Issue 1: Is the estate of the surviving spouse entitled to a charitable deduction under IRC Section 2055(e)(2) for assets passing to the three CLATs created under the surviving spouse’s revocable trust, including the assets passing from the marital trust created under the first spouse to die’s revocable trust? After citing several sections of the IRC, the IRS said “yes.” Section 2055(e)(2)(b) provides that no deduction is allowed when the lead interest in property passes to a charitable organization and the remainder interest passes to a non-charitable beneficiary, unless the lead interest is in the form of a guaranteed annuity or is a fixed percentage of the fair market value of all of the property and distributed annually. In this instance, the formula set forth by each revocable trust to determine the annuity from each CLAT resulted in a determinable amount that was ascertainable as of the valuation date of the surviving spouse’s estate. This formula resulted in a guaranteed annuity within the meaning of the relevant IRC section. Additionally, the surviving spouse’s estate would be entitled to a deduction under Section 2055(a) for the present value of the annuity from each CLAT if: 1) the marital trust’s terms satisfied IRC Section 2056(b)(7), and the election was properly made for the assets of the marital trust that actually passed to each CLAT; 2) the assets that passed from the marital trust to each CLAT aren’t subject to liabilities of the surviving spouse’s estate; 3) the CLAT’s terms satisfied the successor guidance requirements of Revenue Procedure 2007-26; and 4) the recipient of the annuity from each CLAT is a PF.
Issue 2: Is Founder A or Founder B a “substantial contributor” under IRC Section 507(d)(2) and therefore, a disqualified person under IRC Section 4946(a)(1) with respect to the PFs? “Yes,” said the IRS. Under Section 4946(a)(1)(A), a disqualified person includes a substantial contributor. A “substantial contributor” under IRC Section 507(d)(2)(A) is a person who contributes an aggregate amount of over $5,000 to a PF, if that amount is more than 2 percent of the total contributions and bequests received by the PF before the close of the taxable year. In this case, Founder A or Founder B will bequeath CLAT interests to the PFs. The annuity interests are guaranteed and deductible, and it’s assumed the value of each CLAT interest exceeds $5,000. Moreover, such bequests will constitute substantially all of the bequests to the PFs and will be more than the 2 percent minimum required under Section 507(d)(2). Thus, either Founder A or Founder B—whomever is the last to die—will be a “substantial contributor” to the PFs to which he bequeaths CLAT interests.
Issue 3: Shall stock owned by Founder A or Founder B before his death be included in determining whether the PFs are subject to the excise tax on excess business holdings under IRC Section 4943? “No,” said the IRS. Under Section 4943(c)(2), a PF is permitted to hold 20 percent of the voting stock of an incorporated business enterprise, reduced by the percentage of voting stock owned by disqualified persons. In this instance, proposed transfers of assets to the CLATs won’t occur until after Founder A and Founder B dies. The PFs won’t get any stock until the CLATs distribute it to them, when satisfying the PFs’ rights to receive annual annuity payments. And, under Treasury Regulations Section 53.4943, the computation of the tax will occur following the deaths of Founder A and Founder B, when they would no longer be shareholders in the corporation. As such, the stock owned by Founder A and Founder B before their deaths wouldn’t be included under Section 4943 to determine whether a PF is subject to the excise tax on business holdings.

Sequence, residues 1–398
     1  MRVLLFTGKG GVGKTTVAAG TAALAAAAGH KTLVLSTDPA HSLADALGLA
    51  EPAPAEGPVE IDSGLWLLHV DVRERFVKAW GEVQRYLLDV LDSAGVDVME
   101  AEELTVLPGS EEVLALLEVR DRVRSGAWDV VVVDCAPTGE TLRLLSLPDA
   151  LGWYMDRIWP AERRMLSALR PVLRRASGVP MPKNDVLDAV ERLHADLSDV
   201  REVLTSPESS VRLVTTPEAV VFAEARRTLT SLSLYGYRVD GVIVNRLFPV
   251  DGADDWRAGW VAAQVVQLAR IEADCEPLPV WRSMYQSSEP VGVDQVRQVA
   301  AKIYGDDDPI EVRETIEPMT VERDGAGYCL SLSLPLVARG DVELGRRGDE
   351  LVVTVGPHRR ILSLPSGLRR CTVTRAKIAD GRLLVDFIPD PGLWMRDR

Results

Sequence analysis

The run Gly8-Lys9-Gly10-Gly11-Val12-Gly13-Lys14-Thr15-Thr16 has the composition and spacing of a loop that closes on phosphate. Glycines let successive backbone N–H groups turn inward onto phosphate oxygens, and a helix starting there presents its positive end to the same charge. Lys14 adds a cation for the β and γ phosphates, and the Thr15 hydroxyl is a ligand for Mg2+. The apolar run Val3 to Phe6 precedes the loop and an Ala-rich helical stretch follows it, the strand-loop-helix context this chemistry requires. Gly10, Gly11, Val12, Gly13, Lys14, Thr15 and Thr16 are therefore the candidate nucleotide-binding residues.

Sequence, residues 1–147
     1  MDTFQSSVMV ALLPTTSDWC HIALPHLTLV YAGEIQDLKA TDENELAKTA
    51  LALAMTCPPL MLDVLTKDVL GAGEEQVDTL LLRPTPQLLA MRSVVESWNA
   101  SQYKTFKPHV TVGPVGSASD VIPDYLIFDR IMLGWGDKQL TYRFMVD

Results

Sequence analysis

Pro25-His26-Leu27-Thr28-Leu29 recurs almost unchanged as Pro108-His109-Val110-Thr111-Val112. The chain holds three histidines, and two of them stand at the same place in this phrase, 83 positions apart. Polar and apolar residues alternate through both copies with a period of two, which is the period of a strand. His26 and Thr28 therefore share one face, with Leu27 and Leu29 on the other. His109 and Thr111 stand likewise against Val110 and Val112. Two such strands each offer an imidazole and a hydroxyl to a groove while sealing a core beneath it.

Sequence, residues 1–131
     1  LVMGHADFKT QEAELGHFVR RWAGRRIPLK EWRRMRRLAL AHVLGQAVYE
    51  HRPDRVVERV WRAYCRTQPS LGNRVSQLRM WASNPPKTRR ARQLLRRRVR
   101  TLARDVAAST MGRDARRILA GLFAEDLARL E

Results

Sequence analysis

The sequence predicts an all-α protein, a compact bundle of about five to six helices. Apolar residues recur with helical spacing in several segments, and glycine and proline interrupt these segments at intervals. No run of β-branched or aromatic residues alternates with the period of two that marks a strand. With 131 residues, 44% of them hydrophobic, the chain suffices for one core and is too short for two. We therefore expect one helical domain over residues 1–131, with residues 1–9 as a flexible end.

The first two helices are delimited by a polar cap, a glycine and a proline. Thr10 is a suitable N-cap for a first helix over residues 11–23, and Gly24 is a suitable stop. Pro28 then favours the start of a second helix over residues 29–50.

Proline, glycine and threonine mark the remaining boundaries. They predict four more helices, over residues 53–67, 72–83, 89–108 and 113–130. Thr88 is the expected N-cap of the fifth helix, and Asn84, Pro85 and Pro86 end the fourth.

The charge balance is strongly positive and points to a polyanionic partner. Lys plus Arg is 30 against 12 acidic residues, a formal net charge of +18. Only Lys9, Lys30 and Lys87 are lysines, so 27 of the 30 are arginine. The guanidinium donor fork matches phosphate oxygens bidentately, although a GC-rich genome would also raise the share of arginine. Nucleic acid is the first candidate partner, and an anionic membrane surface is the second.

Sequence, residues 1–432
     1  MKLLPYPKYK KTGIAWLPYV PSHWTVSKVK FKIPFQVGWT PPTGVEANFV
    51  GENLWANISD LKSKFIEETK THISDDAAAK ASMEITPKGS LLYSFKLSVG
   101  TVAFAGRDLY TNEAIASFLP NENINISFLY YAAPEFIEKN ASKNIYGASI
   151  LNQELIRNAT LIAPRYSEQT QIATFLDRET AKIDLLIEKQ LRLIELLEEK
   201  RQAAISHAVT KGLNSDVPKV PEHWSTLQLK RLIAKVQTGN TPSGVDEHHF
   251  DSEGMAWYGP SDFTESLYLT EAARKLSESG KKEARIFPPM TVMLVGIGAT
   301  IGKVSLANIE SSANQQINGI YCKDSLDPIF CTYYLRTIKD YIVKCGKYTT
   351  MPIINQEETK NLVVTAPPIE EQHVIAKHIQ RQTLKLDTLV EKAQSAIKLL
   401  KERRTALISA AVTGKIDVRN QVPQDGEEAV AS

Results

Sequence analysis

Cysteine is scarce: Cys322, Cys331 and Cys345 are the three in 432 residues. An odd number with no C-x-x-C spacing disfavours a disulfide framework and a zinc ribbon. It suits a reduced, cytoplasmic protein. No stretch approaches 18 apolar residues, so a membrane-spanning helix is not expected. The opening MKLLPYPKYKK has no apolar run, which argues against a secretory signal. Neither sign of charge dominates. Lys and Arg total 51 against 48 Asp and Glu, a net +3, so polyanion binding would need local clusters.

Issue 4: Who will be the disqualified persons with respect to PF 1? The IRS ruled that the son, as PF 1’s creator, is a disqualified person because he’s the child of Founder A and Founder B—one of whom will be a substantial contributor to PF 1. Under Section 4946(a)(1)(D), the son is a family member of a substantial contributor and, under Section 4946(a)(1)(A), he’s the creator of a trust that’s a PF. Similarly, GC 1 is a disqualified person because she’s the child and grandchild of a disqualified person.
CLAT 1 is also a disqualified person with respect to PF 1. Under Section 4946(a)(1)(G), a trust is a disqualified person if more than 35 percent of the beneficial interest in the trust is owned, among others, by substantial contributors or 20 percent owners. In this instance, the beneficiaries are the remainder beneficiaries of CLAT 1 and are disqualified. They’re treated as owning no less than 40 percent of the total interest in the CLAT, because the annuity interest can’t exceed 60 percent. They thus exceed the 35 percent minimum requirement. Moreover, the voting stock that CLAT 1 owns is deemed owned by the remaindermen—that is, the trust for the benefit of the son and GC 1. Additionally, the family members of the son and GC 1 are also disqualified persons under Section 4946(a)(1)(D). The IRS, however, declined to rule on whether certain entities in which the son and GC1 have an interest, and certain entities in which their family members have an interest, are disqualified persons.
Issue 5: Are the PFs disqualified persons with respect to each other? Yes, under Section 4946(a)(1)(H). Under this section, if a PF is controlled by the same person or receives contributions, substantially all of which were made by substantial contributors, the PF is a disqualified person. In this instance, Founder A or Founder B will be substantial contributors to all three PFs. Accordingly, all three PFs are disqualified persons with respect to each other.